Osnabrück University of Applied Sciences invests in state-of-the-art tractor technology
A new tractor for research and teaching: this was presented by representatives of Osnabrück University of Applied Sciences and CLAAS at the Waldhof, the university's agricultural pilot plant in Wallenhorst. Also present was Guido Willmann from AGRAVIS Technik Saltenbrock GmbH, which delivered the machine.
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- Bernd Westhoff holds a model of the new tractor in his hand; the original is standing behind the representatives of Osnabrück University of Applied Sciences and the agricultural machine manufacturer CLAAS. The transfer took place on the grounds of the university’s agricultural pilot plant, the Waldhof, in Wallenhorst. The following people were present: (from left) Janina Ostendorf (Corporate Human Resources, CLAAS), Professor Dieter Trautz (Professor of Agricultural Ecology and Environment-Sparing Land Management; manager of the Waldhof pilot plant), Bernd Westhoff (CLAAS representative), Professor Hubert Korte (Professor of Agricultural Machinery), Guido Willmann (AGRAVIS Technik Saltenbrock GmbH), Hubert Borchert (Waldhof plant manager) and Dr Martin Leinker (Corporate Product Strategy, CLAAS).
“With this model, we have acquired a key machine for the major subject of ‘networked agriculture’,” stated Professor Hubert Korte from the Faculty of Agricultural Science and Landscape Architecture. Amongst other things, the field of the data-supported precision farming is of great significance to the agriculture of the future, with regards to conserving resources through intelligent machinery. For example, the ISOBUS data transmission system, which is also built into the university’s new tractor, plays a central role in communication between tractor and accessory equipment.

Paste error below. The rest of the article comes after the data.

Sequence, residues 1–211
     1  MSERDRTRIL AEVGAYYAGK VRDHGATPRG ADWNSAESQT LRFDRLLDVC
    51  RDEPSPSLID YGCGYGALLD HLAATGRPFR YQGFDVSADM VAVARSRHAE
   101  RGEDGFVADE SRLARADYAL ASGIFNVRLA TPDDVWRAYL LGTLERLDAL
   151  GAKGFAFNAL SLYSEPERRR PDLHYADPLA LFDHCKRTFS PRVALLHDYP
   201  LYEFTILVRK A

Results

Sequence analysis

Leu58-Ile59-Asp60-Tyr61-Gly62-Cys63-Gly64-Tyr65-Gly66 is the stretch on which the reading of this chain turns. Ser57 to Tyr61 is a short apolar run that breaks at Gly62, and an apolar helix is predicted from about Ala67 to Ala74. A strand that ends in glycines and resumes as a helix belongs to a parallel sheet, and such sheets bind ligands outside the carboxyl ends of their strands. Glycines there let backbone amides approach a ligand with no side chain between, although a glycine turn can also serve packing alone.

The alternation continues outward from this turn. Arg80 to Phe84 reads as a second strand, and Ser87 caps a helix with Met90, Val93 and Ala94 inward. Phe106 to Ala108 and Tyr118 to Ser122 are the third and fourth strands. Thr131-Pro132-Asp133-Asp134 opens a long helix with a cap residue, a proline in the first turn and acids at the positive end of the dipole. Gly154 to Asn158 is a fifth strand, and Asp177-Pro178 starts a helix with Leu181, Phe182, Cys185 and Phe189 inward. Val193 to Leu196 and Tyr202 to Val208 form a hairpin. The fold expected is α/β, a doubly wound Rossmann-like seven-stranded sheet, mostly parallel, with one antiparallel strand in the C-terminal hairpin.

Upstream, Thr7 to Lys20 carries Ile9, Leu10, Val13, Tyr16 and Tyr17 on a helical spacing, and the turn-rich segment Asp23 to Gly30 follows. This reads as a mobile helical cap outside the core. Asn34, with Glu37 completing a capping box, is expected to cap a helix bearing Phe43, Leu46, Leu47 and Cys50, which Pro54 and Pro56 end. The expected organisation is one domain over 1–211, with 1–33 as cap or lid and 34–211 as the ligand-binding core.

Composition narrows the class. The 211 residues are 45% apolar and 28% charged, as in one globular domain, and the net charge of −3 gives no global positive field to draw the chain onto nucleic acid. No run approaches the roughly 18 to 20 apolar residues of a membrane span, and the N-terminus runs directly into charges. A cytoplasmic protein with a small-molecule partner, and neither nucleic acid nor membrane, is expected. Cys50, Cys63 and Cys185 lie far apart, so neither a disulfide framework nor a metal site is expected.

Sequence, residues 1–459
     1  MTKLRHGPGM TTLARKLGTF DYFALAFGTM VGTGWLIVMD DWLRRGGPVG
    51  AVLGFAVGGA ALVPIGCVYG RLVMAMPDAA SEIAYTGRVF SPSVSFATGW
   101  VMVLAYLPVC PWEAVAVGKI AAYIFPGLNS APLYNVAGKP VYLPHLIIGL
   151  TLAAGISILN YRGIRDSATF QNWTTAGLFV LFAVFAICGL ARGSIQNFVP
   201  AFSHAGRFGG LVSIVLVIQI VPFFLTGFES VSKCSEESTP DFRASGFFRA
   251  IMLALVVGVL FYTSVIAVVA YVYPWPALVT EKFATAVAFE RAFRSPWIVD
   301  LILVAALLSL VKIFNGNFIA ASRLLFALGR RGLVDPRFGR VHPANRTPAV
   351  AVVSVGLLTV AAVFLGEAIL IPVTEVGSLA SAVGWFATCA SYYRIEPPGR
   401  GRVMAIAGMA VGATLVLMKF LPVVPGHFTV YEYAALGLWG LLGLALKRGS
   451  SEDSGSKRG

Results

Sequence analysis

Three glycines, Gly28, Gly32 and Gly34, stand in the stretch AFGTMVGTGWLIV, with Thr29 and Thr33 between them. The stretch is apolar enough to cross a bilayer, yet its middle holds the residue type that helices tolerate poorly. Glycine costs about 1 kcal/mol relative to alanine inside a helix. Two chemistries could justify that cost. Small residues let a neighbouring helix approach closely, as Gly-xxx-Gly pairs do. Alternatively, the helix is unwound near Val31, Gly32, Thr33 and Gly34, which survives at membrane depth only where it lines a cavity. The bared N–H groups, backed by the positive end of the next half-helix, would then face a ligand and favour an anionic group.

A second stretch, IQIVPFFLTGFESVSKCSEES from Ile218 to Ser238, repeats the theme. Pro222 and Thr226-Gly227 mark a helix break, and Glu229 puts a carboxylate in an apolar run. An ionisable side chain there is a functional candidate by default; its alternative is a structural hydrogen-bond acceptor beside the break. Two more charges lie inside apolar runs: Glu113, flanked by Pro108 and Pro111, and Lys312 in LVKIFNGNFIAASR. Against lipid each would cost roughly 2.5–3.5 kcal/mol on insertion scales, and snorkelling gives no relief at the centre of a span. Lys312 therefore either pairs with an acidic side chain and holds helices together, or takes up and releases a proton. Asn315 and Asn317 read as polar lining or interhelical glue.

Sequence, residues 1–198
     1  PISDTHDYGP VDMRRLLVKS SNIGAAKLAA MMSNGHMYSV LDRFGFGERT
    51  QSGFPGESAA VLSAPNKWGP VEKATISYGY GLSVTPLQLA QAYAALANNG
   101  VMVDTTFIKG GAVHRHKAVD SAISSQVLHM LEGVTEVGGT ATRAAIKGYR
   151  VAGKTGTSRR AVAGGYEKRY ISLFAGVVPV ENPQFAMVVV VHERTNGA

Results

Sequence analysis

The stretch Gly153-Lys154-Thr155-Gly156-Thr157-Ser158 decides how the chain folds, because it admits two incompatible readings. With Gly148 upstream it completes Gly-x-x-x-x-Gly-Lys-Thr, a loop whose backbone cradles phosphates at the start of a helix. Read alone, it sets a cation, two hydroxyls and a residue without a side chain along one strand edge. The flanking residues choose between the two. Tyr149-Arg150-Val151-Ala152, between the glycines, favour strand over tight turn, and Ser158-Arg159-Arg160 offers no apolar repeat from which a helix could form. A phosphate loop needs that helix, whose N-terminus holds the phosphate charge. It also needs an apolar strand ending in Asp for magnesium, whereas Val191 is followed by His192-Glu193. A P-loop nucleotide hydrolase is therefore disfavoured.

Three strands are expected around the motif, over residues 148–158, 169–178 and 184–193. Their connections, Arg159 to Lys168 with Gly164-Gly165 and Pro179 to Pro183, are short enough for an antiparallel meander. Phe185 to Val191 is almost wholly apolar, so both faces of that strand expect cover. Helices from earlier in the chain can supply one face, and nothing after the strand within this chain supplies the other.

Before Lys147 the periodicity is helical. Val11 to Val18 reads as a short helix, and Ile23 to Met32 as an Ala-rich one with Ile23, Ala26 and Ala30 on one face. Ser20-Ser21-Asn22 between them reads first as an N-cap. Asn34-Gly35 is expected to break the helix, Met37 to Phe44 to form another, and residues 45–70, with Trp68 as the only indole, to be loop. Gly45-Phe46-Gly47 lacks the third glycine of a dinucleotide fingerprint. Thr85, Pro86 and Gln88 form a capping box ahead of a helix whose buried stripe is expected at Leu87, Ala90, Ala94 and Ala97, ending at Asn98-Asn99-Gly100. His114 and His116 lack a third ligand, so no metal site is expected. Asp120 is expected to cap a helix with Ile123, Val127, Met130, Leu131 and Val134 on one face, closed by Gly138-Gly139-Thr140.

Tractor by AGRAVIS Technik Saltenbrock
“The new tractor will provide perfect support for research projects and student work and will also continue to intensify collaborations between the university and the CLAAS locations, such as those in Harsewinkel and Dissen,” said Dr Martin Leinker, who co-ordinates network projects with universities at CLAAS. The tractor is the ARION 420 model. Some basic information: 75 KW, 4.5 l cylinder capacity, equipped with an automatic load switch engine, a multi-function grip and a panoramic cabin. It was supplied by AGRAVIS Technik Saltenbrock GmbH.
Using the latest machinery
Professor Dieter Trautz, head of the university's agricultural pilot plants, stressed the significance of using modern machines: “It goes without saying that our courses are more attractive to our students if they can work with these machines. And they take these experiences with them back to their home farms.” It is also essential that employees of the pilot plants are able to use the latest machinery. And not least numerous scientists at the university are involved with research projects on the digitalisation of agriculture, where their work is very practice-orientated. “We must have the technological standard to be able to carry out innovative teaching and research work,” Korte stated.
Exchange of science and practice
The agricultural machine manufacturer CLAAS is also engaged with Osnabrück University of Applied Sciences as a promoter of German scholarships. More and more students are taking the opportunity to write their theses in the business, complete internships or practice projects and take part in excursions. “This exchange of science and practice is also very important for us from a business point of view,” said Janina Ostendorf, who is the CLAAS Senior Advisor for University Management.